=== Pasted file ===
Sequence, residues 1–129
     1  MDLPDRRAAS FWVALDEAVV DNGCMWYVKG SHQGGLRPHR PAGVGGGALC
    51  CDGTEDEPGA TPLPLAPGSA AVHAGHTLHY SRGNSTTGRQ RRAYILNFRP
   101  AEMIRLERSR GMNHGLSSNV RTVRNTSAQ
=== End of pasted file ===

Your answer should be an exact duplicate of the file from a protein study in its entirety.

Sequence, residues 1–129
     1  MDLPDRRAAS FWVALDEAVV DNGCMWYVKG SHQGGLRPHR PAGVGGGALC
    51  CDGTEDEPGA TPLPLAPGSA AVHAGHTLHY SRGNSTTGRQ RRAYILNFRP
   101  AEMIRLERSR GMNHGLSSNV RTVRNTSAQ